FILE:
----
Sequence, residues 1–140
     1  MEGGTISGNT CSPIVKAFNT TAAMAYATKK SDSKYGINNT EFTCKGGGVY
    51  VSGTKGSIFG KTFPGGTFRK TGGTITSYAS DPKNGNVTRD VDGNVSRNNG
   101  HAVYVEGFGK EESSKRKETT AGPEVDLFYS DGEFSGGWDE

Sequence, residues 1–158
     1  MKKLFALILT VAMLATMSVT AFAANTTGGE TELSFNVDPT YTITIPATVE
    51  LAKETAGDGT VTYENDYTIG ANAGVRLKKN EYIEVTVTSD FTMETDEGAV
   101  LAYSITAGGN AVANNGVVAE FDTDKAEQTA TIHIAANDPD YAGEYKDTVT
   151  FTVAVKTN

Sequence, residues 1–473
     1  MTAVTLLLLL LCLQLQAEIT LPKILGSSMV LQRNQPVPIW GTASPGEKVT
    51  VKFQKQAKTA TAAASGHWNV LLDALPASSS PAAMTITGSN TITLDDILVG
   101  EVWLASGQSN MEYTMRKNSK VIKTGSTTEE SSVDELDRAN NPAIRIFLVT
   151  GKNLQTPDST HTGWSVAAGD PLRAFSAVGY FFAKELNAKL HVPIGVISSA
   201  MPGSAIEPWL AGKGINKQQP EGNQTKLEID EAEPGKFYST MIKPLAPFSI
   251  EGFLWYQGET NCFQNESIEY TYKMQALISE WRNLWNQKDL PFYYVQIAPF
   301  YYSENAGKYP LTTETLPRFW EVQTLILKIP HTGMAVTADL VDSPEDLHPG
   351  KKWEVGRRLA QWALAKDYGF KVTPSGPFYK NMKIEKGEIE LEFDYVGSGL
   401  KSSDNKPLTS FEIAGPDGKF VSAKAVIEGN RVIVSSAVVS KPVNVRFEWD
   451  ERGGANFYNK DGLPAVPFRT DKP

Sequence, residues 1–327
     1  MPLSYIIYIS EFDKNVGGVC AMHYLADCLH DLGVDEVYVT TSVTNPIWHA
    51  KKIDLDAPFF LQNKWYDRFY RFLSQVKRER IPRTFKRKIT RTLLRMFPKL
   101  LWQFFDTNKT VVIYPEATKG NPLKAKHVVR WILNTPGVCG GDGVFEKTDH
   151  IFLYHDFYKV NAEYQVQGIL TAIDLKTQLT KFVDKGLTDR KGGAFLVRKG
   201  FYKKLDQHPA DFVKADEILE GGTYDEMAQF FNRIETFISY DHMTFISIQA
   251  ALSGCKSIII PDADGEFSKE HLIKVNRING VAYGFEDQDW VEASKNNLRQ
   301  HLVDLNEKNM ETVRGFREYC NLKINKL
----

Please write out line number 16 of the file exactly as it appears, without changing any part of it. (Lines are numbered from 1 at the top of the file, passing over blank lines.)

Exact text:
   251  EGFLWYQGET NCFQNESIEY TYKMQALISE WRNLWNQKDL PFYYVQIAPF